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Enhancing your win rates over time

When people focus on improving their win rates, they usually implement a new “process” and put pressure on their staff to “win more.” Demanding a superior win rate tomorrow never works. There are things that you can do to improve your win rates. Trying to do them all at one time often introduces more chaos than success. What I have found to be more reliably successful is a process of deliberate continuous improvement.

Your business development processes are probably based on a few simple principles. You should clearly define a set of goals to guide the pursuit of those principles. The steps that you follow in your process will be less important than achieving the goals. Identify a baseline set of steps for achieving the goals and make sure that they are implemented well. Once people have mastered the process, raise the bar. Add detail. Pursue higher standards for the same goals. Or if you find better goals, implement a new baseline around them.

Your processes should never be complete. When it looks complete, raise the bar again. Then repeat. Every few weeks, once people have mastered the current process, take some part of your process to the next level.

Example. If your goal is to plan before you write and write to the plan, you might decide to start every proposal off by writing a proposal plan. At first, what’s in the plan may not matter. Just get people used to starting off their proposal efforts by being able to articulate a plan in writing. Once your organization is able to achieve this reliably, you might choose to define what should be in a proposal plan. Then you might identify standards that define what an acceptable plan is. An acceptable plan might require that the outline be fully cross-referenced with the RFP. Or it might require that all outline items be assigned to an author by name, with deadlines. Even at this stage, the format people use for their outlines and schedules may not matter much. Later you can implement forms/templates for people to follow. By then, instead of the forms being perceived as a burden, they may be perceived as a way to expedite getting the plan in writing.

Your people should also be continuously improving their skills. It's not a question of whether the people you hired know what they're doing. Most people learn on the job. This means that they do a lot of bad business and proposal development before they teach themselves the skills to do an adequate job. The truth is that most people never get very good learning this way.

Raising the skill levels of your staff means training. But training does not necessarily mean sending people out to classes. Training can and should take multiple forms:

  • Teleconferences
  • Brown bags
  • Web-based
  • Job Aids
  • Books/Manuals
  • Coaching/Mentoring
  • Instructor lead training (internal)
  • Instructor lead training (external)
  • Train-the-trainer
  • Facilitated discussion/planning sessions

All of these approaches can be part of your organizational training model. Each has different goals, costs, and benefits. But the combination provides you with options to ensure that your staff can develop their skills continuously.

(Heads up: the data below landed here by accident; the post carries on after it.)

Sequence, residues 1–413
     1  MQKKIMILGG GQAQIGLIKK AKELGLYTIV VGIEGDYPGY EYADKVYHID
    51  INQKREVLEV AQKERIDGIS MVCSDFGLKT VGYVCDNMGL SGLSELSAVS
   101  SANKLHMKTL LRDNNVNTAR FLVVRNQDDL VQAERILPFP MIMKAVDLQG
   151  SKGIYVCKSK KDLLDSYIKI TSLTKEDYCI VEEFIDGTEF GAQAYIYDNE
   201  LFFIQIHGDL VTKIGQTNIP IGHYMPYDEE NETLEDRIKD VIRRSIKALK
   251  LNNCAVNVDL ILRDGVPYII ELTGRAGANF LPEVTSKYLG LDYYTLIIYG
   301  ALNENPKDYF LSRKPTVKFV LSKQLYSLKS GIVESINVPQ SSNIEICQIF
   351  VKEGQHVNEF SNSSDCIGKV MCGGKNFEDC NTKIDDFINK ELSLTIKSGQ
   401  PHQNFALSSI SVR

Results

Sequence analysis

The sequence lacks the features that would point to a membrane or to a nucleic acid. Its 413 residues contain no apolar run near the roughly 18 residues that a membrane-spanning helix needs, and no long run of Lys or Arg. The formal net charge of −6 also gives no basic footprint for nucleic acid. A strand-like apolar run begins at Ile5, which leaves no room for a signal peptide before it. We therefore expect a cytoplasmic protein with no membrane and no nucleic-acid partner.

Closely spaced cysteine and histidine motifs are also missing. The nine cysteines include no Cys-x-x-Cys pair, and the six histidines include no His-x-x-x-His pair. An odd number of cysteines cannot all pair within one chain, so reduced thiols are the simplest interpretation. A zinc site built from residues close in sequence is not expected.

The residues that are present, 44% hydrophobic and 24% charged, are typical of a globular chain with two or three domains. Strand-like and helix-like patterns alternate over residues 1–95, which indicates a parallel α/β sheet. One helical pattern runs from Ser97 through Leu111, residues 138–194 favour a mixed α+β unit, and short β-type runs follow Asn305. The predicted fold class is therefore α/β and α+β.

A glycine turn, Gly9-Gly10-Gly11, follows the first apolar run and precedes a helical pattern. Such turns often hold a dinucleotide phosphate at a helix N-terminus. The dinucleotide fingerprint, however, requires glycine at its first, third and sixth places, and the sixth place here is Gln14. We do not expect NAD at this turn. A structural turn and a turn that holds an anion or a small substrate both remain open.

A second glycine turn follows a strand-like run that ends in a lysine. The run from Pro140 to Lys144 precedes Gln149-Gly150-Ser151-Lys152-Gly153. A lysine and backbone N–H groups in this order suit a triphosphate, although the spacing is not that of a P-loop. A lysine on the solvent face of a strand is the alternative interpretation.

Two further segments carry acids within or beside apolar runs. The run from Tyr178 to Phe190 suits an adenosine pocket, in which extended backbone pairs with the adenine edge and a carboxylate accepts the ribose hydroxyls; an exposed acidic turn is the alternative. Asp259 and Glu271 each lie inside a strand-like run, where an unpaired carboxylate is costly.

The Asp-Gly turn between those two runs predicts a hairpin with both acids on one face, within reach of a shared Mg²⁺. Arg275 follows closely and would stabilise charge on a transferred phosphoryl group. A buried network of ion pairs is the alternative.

For example:

  • Web-based training can be used to cost-effectively reach project staff
  • Instructor lead training may be merited for key staff
  • Facilitated discussion/planning sessions can be a cost effective way to achieve continuous improvement
  • Coaching/Mentoring is a good way to reinforce inexperienced staff
  • Job-aids (checklists, guides, forms) help to ensure training results in performance
  • A train-the-trainer program is a good way to extend the reach of an internal training program
  • Teleconferences can reach everybody

To improve your win rates, you need to begin following the practices that lead to consistent winning. You cannot implement all best practices in a single implementation, send everybody to training, and get an organization that will fulfill its potential. What you can do is raise the bar on a regular basis and develop the skills of your staff over time. Skills and processes will mature over time your win rate will go up, and your business will constantly reach for a higher potential. Growing skills continuously over time is much more effective than sending people to a class once in a while.

If you continuously improve the process, while simultaneously continuously improving the skills of the staff executing the process, your win rates will go up reliably and consistently. And the best part is that it does not require radical action. It does require the diligence to make improvements every couple of weeks. And while continuous training and process improvement sound like they may consume a lot of resources, the truth is that it will take less effort and provide a better return on investment than radical change. In fact, radical change, such as bringing in a whole new process and trying to nail it start to finish on the first try and expecting everyone to adapt to it quickly, is much less likely to succeed and will consume far more resources in the attempt. If you want a better win rate, just start improving things. Little things. Slowly and surely. And make sure that you improve the skills of your people as well as the process.


By Carl Dickson, Founder of CapturePlanning.com



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